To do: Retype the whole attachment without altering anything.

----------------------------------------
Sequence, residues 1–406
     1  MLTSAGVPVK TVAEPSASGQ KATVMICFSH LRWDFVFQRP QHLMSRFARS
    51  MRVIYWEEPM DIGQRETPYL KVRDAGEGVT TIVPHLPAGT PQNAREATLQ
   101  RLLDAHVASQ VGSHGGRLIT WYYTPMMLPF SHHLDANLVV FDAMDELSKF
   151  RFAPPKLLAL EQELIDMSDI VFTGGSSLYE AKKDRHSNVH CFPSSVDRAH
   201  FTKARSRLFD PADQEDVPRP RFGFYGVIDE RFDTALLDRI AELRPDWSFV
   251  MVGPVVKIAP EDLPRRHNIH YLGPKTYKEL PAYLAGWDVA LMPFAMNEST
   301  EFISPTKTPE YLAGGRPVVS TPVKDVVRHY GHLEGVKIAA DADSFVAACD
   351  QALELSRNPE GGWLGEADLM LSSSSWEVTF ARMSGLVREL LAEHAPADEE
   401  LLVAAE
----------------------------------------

Sequence, residues 1–406
     1  MLTSAGVPVK TVAEPSASGQ KATVMICFSH LRWDFVFQRP QHLMSRFARS
    51  MRVIYWEEPM DIGQRETPYL KVRDAGEGVT TIVPHLPAGT PQNAREATLQ
   101  RLLDAHVASQ VGSHGGRLIT WYYTPMMLPF SHHLDANLVV FDAMDELSKF
   151  RFAPPKLLAL EQELIDMSDI VFTGGSSLYE AKKDRHSNVH CFPSSVDRAH
   201  FTKARSRLFD PADQEDVPRP RFGFYGVIDE RFDTALLDRI AELRPDWSFV
   251  MVGPVVKIAP EDLPRRHNIH YLGPKTYKEL PAYLAGWDVA LMPFAMNEST
   301  EFISPTKTPE YLAGGRPVVS TPVKDVVRHY GHLEGVKIAA DADSFVAACD
   351  QALELSRNPE GGWLGEADLM LSSSSWEVTF ARMSGLVREL LAEHAPADEE
   401  LLVAAE